Let’s face it, we all have to interact. Our entire universe revolves around interactions. From the sensation of touch to the catalysis of chemical reactions to the waterproof coat you might wear on a rainy day, all rely on a specific behaviour at an interface.
These interfaces are of enormous interest to researchers in pretty much all fields, notably catalysis, material separation, and energy storage and conversion. Moreover, it is at the nano-scale that things get truly exciting: the surface area of nanomaterials is immense in comparison to macroscale counterparts, maximising interfacial interactions, and, upon intrusion/extrusion of liquids, they can exhibit unique properties that possess the potential to facilitate the otherwise impossible.
The energy of interfacial phenomena can be optimised and harnessed for chromatography, smart nanomachines, and energy storage applications. There are myriad potential applications to obtain, recycle, and redistribute energy and control systems with smart materials. Due to the current limitations of electric vehicles, for example, the possibility of saving energy from waste heat is particularly appealing, as is the conversion of other forms of energy.
Here at CIC energiGUNE, the research group Interfacial Phenomena and Porous Media study these phenomena to adapt and optimise them for a plethora of applications, such as the flagship project triboelectrification of porous materials as part of the Electro-Intrusion project (FET-PROACTIVE of the Horizon 2020 Programme) and the development of aqueous HPLC technology with the NoDRY ERC proof of concept project, in tandem with computational investigations conducted at Sapienza Università di Roma.
Let’s get into it! Porous nanomaterials are being investigated for a wide range of applications, such as shock-absorbers and bumpers, molecular springs, thermally-regulated artificial muscles (actuators), smart valves, chromatography, smart fluids, and even porous water!
They possess large volumes and enormous surface areas for their size, making them promising storage media for gases, medicine, and even lithium-ions in potential battery technologies. Some can compress and expand under specific conditions, allowing them to behave like smart valves, switches, and artificial muscles. On the other hand, there are others that are hydrophobic and possess fascinating properties when forced to interact with water that can be exploited for a wide variety of energy applications, such as shock-absorbers, molecular springs, and triboelectric generators.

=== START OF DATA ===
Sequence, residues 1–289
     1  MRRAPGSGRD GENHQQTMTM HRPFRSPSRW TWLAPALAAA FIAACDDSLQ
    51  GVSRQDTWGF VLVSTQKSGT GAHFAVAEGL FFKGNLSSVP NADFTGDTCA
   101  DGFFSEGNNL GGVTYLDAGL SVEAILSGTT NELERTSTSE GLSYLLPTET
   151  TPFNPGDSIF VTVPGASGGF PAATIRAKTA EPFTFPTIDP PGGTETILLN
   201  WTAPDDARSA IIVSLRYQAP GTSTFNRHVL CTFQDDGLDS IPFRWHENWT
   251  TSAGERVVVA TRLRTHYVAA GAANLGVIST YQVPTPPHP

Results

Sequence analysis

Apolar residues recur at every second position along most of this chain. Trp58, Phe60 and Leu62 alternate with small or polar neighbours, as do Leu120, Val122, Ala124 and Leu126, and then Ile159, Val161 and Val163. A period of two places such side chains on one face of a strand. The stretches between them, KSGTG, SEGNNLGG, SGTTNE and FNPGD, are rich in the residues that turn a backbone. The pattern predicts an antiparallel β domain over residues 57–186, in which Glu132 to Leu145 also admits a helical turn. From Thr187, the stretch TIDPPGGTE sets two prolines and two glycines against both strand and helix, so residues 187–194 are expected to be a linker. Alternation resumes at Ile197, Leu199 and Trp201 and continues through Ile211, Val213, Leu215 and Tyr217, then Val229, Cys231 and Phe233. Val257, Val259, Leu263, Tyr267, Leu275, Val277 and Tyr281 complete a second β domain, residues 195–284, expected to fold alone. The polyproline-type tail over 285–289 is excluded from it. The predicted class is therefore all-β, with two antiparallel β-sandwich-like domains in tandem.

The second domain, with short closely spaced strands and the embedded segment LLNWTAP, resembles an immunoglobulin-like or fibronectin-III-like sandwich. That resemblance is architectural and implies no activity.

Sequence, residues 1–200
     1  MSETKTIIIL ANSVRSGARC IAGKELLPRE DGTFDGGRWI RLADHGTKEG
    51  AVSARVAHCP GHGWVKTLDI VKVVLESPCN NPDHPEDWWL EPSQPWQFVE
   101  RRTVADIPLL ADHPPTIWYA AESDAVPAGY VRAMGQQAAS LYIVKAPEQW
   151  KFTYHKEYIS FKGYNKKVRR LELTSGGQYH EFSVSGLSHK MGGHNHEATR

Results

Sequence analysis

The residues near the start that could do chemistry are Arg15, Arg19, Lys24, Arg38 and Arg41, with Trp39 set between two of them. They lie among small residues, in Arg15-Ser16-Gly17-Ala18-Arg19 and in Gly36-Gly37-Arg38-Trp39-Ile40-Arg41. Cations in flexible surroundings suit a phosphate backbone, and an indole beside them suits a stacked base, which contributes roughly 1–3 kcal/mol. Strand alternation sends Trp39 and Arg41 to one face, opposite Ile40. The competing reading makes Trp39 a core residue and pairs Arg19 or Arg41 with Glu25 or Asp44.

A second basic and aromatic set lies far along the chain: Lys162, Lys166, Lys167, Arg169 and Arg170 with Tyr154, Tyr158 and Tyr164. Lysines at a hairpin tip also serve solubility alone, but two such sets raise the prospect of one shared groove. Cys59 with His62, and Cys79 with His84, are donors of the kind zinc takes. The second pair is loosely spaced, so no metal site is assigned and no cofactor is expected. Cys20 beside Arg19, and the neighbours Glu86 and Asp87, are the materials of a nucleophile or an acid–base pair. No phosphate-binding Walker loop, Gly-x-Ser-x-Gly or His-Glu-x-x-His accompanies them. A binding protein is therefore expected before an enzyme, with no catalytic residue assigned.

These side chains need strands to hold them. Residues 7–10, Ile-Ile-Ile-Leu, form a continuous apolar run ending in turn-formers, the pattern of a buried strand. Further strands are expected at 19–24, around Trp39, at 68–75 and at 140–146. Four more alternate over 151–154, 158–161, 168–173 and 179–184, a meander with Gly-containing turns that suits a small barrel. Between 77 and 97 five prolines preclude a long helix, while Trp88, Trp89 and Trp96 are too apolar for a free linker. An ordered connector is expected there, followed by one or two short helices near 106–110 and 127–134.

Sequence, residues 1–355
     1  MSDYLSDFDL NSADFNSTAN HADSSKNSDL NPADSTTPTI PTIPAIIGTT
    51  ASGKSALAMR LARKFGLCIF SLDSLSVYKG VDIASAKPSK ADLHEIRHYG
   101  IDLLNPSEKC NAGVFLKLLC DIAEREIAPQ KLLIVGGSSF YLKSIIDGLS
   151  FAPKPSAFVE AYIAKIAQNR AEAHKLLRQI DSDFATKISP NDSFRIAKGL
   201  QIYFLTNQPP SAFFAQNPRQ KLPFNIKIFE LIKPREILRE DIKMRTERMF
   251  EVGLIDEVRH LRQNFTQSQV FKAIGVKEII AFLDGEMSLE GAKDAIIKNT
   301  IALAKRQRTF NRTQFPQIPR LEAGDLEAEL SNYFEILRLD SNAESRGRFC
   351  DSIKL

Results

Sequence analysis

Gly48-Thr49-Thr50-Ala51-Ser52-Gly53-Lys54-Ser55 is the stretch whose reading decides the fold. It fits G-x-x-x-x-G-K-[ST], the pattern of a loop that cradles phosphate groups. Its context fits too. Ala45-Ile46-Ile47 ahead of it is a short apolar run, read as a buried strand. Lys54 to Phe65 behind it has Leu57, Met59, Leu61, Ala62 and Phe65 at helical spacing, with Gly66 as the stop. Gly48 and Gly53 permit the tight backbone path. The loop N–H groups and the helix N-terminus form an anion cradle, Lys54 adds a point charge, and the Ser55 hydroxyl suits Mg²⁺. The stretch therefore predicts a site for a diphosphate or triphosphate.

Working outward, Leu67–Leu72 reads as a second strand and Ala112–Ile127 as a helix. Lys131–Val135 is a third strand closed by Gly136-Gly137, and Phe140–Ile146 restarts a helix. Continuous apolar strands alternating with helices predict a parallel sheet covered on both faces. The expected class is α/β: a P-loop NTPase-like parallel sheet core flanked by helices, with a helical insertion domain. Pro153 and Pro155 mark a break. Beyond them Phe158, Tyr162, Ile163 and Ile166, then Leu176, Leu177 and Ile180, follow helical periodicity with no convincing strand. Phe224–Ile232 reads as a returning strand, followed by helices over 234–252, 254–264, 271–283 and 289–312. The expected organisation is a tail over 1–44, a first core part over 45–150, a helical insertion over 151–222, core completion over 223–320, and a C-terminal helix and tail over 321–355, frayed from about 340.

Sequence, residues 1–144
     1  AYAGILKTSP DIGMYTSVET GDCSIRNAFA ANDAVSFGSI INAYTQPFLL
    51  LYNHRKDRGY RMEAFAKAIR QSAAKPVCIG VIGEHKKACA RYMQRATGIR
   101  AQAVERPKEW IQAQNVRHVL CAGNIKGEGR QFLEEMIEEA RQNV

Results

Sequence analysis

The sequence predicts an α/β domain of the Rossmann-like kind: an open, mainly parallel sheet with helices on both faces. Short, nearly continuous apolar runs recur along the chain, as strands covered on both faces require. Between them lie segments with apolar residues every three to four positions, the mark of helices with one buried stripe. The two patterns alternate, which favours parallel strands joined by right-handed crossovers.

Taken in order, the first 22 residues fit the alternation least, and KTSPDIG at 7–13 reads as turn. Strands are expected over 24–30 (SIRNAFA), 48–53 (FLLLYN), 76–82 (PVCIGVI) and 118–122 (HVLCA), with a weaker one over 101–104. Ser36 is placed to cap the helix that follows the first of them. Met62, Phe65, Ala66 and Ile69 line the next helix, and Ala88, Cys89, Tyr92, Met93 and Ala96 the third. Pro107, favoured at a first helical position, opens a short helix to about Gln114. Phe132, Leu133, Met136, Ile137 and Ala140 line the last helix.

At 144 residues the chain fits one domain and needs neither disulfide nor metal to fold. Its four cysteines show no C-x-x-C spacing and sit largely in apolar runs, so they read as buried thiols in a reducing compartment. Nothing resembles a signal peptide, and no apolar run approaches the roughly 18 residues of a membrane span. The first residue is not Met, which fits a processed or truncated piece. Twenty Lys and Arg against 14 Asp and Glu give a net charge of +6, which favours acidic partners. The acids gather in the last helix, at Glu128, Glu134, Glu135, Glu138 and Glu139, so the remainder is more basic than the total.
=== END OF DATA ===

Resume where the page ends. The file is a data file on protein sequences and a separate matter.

Intrusion is the entry of a material into a cavity or channel under pressure, and extrusion is the reverse process. One of the main focuses of research is storage and separation. Porous materials are also commonly used in column chromatography, where materials are separated for purification in the lab or in industrial settings, and there is even work being done on drug delivery, where porous materials can retain a specific drug/chemical until a specific trigger in vivo (e.g., temperature, pH) causes it to be released into the body. In addition, some porous materials can even be synthesised around drug molecules, avoiding the step of intruding the material.
In Figure 1, the intrusion/extrusion of water into the material is illustrated schematically, with water entering the porous material at sufficiently high pressure (1c). Depending on the flexibility of the material (amongst other factors) there can be different degrees of energy loss during cycling of intrusion/extrusion. Whilst this may be energy lost if the system is considered as a battery, it is advantageous for a shock absorber, in which energy needs to be dissipated effectively.